The Louisville Local Food Demand Analysis commissioned by Seed Capital Kentucky, has been released, quantifying the demand for local food in the Louisville area. It’s important work that will lend its weight to the welcome changes happening in Louisville under our forward-thinking mayor.
After scores of interviews, the report codifies the obstacles to buying local food. The report reveals that consumers, commercial and restaurant buyers indicate that cost, product consistency, distribution and volume are the issues that prevent them from buying local. Additionally, large-volume users cite inability to get food from their preferred “broadline” supplier (like Sysco).
In 2010, the Kentucky Farm to School Task Force enumerated the same barriers among school food service directors.
Anyone who spends 20 minutes talking about local food with people will hear about those same barriers. As an earnest newbie moving Kentucky product into Louisville starting in 2009, I eagerly sought out the least expensive local product, or the ones grown in large quantities over long seasons. But after months of talking to buyers it dawned on me that they had no idea what the costs were, or what the volume was, or what the product looked like or where they could easily get it. They, nearly to a person, believed that the world of local food was represented by farmers markets, and that they had to buy products in the smallest amounts at the highest prices.
Let me pause here to say that there are real barriers to any local food system. Aggregation, distribution and processing are all huge challenges in Kentucky. Many good people are working on those challenges.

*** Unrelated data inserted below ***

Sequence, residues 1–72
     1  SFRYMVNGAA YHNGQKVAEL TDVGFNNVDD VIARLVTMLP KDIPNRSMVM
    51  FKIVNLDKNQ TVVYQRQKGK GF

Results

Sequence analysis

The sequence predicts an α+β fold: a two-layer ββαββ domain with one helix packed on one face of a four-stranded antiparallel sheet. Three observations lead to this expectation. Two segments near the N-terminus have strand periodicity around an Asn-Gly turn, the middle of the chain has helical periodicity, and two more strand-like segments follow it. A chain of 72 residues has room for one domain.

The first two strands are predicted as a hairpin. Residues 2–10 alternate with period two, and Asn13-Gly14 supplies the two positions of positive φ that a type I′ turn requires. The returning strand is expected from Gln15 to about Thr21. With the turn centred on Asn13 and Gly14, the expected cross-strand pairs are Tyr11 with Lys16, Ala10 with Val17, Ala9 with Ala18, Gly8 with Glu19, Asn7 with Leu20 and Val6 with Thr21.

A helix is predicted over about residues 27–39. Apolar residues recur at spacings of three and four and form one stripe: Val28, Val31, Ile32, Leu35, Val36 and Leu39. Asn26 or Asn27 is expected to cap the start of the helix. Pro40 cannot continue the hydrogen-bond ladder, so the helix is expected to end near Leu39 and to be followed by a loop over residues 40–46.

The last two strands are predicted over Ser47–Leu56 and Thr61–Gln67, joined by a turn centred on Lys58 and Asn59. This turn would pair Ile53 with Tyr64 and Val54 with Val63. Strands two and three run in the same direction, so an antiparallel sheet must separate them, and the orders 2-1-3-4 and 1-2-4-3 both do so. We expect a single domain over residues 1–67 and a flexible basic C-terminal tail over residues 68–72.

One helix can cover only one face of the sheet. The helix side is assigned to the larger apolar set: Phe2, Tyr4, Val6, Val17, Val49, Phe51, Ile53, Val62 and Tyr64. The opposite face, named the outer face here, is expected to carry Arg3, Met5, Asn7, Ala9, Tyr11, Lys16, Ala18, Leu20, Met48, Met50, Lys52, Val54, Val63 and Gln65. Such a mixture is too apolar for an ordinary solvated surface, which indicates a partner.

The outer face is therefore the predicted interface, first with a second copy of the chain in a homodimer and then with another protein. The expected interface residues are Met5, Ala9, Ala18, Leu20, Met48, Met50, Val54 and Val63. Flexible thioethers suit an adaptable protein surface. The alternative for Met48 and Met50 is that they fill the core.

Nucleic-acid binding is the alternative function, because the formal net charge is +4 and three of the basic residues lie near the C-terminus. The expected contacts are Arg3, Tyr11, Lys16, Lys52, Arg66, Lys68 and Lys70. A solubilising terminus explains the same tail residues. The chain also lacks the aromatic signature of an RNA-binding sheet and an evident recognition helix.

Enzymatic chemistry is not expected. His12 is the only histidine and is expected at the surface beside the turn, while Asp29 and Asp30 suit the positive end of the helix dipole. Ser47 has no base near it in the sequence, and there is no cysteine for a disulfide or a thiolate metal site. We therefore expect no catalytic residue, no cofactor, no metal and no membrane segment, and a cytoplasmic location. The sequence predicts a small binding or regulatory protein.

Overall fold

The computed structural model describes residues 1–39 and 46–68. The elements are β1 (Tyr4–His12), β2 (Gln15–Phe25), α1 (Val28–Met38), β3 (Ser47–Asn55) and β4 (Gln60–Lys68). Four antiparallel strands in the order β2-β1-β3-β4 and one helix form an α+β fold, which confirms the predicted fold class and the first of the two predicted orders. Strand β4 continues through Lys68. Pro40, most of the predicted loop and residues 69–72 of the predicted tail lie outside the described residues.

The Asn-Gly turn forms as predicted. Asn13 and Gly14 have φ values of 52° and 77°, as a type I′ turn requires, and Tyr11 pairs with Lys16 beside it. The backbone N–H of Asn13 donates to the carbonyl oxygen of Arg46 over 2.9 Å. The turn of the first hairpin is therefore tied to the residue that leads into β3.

However, as to cost, consistency, supply, and distribution, it is time to start asking people to reveal their data.
For instance, if you approach a caterer — whether it’s Centerplate at the Convention Center or a small independent — and you request local food for your wedding reception, or Biology Department meeting, or family reunion, your likely first response will be “it will be very expensive.” It’s time we pushed back.
I once worked with a hospital whose food service contractor mentioned how peeved its board of directors would be if they found out he had spent money on local beef, and within one minute was telling me about the ahi tuna he served at the board meeting. I think he honestly believed that local beef was more expensive than ahi tuna. I’ve had local bar owners think nothing of upcharging for a bison burger, but find it inconceivable to offer a Kentucky Proud burger in a similar way, though the beef, like the bison, has been grown on grass, offered free grain, and grown without antibiotics, steroids and hormones.
The truth is, if you try to replace CAFO boneless skinless chicken breast with pasture-raised, antibiotic-free boneless skinless chicken breast, you will have to pay an astonishing premium. But there are other parts to a chicken, as the Jefferson County Public School food service folks have discovered. They — and Fayette County as well — are exploring how to feed their students drumsticks, thighs, and wing parts from animals raised on Kentucky pasture. For Derby week, they are exploring mixing pasture-raised beef with commodity chicken and vegetables to make burgoo.
In fact, there are plenty of ways to keep costs in check during a catered event and on menus. Consumers, chefs and food service operators can ask themselves the same question the schools ask, “how can we make this food affordable?” People who are out to change the food system should be vigilant to recognize a straw man disguised as a rationale.